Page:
The parade of regulations related to cyber security means more of compliance, discipline and agility to be showcased by businesses. Identity and Access Management technology has been instrumental in helping businesses achieve an upper hand on the regulatory requirements.
Ever since internet made a foray the government has been on the front foot to monitor activities over the internet. The Sony hacks was a failure of corporate digital security in light unprecedented threats to public and private networks, organized cybercrime machinery. Businesses are often disciplined with regulatory arms that flash hefty fines, consumer rights violation, business ethics and any violation leading to downward spiralling brand image. President Obama sought budget allocation of 14 Billion USD for cybersecurity.
The proposed legislation is out with the idea of creating a friendlier environment for companies and government to share information about potential cyber-threats and security vulnerabilities. This spending will look at federal efforts to bring in legislations to ease data sharing between the government and the private sector in order to quickly detect and respond to online attacks. Debate is on whether the new proposals are meant to commercialise cybersecurity, defy cyberattacks, or tackle corporate obsession with data collection, pure surveillance, anti-terrorism…
For businesses it will mean another layer to the parade of existing regulations (applicable for respective industries) such as Gramm-Leach-Bliley, Family Educational Rights and Privacy Act (FERPA), National Institute of Standards and Technology (NIST) 800-53 – for Security and Privacy Controls for Federal Information Systems and Organizations, USA Patriot Act, PCI Data Security Standards, Health Insurance Portability and Accountability Act (HIPAA), Health Information Technology for Economic and Clinical Health Act (HITECH Act), Sarbanes-Oxley, Basel III International Business Standards, Federal Information Security Management Act (FISMA), Federal Information Processing Standard (FIPS) 200, and more…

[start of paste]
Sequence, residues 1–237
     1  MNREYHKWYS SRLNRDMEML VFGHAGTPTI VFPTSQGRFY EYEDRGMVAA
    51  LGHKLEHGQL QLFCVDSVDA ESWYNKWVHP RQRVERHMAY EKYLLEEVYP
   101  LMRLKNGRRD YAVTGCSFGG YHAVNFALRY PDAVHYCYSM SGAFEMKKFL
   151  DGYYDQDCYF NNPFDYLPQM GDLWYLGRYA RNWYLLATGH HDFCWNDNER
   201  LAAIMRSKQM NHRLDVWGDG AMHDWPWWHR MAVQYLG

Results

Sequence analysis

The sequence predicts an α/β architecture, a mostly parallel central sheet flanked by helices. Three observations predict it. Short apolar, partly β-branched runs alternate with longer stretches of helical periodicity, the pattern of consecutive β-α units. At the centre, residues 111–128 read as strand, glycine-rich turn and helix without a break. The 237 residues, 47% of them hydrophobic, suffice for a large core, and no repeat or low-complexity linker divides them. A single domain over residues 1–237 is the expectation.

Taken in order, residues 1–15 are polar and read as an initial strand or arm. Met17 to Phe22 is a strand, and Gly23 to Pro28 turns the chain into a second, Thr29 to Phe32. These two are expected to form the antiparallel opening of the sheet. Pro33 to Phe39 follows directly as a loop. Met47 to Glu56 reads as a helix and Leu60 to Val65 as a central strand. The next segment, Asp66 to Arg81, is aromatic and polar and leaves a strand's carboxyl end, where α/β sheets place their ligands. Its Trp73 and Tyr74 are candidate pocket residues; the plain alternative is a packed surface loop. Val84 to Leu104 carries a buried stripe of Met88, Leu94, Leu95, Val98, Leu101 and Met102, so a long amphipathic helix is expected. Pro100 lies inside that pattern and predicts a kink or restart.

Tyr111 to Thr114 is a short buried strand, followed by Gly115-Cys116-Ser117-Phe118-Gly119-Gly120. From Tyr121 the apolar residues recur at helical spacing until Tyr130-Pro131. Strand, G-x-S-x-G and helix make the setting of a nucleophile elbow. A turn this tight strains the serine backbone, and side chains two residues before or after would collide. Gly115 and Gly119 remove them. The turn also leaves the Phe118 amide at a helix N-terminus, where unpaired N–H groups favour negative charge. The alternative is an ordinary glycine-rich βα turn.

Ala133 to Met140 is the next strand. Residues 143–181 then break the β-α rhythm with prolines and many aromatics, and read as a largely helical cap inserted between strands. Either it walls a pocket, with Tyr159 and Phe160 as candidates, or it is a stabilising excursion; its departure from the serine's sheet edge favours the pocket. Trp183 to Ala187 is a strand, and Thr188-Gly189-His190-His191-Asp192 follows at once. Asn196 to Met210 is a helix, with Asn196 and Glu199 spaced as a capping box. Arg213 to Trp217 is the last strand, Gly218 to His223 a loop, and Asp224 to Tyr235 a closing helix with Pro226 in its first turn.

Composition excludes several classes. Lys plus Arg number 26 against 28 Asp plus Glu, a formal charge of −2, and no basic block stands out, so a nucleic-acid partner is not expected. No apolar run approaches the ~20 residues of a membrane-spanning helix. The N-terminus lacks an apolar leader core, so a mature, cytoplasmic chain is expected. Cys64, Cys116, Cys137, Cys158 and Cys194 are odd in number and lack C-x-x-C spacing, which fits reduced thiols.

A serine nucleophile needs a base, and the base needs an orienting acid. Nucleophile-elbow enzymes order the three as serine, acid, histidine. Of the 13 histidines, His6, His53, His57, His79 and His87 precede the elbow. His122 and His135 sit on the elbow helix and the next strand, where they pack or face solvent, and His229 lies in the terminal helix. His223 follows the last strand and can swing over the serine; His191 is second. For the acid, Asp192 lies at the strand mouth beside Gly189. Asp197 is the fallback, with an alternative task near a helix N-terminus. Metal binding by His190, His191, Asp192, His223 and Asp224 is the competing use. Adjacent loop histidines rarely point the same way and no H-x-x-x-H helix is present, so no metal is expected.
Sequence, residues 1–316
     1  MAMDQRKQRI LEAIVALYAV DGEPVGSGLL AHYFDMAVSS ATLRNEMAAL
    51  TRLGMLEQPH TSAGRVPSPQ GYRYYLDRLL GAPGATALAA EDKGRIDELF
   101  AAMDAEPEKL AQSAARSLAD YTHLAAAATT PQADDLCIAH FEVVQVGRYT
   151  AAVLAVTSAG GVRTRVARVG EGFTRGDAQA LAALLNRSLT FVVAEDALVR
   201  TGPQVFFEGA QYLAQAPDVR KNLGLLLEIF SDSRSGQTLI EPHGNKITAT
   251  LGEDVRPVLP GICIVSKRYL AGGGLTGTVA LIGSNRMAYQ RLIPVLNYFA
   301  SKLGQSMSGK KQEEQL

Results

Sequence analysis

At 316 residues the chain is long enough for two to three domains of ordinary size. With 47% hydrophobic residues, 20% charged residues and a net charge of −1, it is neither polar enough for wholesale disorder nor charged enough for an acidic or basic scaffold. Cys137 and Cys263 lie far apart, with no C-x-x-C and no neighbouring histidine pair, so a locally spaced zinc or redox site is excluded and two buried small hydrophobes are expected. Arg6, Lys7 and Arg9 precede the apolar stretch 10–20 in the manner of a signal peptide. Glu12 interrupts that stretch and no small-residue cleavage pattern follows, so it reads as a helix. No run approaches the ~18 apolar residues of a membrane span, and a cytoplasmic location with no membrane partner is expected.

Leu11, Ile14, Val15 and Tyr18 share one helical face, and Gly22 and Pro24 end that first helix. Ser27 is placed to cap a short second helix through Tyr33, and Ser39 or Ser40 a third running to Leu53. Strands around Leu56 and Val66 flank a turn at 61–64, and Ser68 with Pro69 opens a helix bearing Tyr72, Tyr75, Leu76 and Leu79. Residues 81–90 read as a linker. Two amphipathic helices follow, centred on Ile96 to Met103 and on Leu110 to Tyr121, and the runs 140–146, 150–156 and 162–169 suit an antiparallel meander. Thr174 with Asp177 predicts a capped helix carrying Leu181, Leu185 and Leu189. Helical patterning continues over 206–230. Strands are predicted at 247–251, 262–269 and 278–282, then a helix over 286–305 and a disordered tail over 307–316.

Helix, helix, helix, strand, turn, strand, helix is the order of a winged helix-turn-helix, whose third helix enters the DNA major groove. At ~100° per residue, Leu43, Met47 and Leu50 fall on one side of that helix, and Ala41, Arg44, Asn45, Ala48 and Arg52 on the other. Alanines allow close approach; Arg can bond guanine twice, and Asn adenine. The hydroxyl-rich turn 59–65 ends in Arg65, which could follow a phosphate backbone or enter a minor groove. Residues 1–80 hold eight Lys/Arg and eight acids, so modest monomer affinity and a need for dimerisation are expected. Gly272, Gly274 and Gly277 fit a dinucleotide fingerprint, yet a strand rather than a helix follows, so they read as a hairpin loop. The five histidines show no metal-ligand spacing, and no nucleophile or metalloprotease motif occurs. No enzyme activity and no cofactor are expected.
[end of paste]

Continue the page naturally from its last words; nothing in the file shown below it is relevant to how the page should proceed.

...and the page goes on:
With this budget, the government is all set to bring in a machinery to run Personal Data Notification and Protection Act that appears pro-consumer in mandating companies to notify customers of data breaches within 30 days. As per the proposal industries, such as credit card and payments processing, must be held accountable for any breach – making businesses accountable for data security. It is also expected to put checks against spywares the act is expected to penalise sale of stolen identity data.
Acquisitions against mitigation of policy framework of cyber-attacks on one hand, and delaying establishing strong security checks have caught attention. The government is on its way of adopting middle ground for a pro-cyber security and pro-individual privacy policies environment. And business have to comply.
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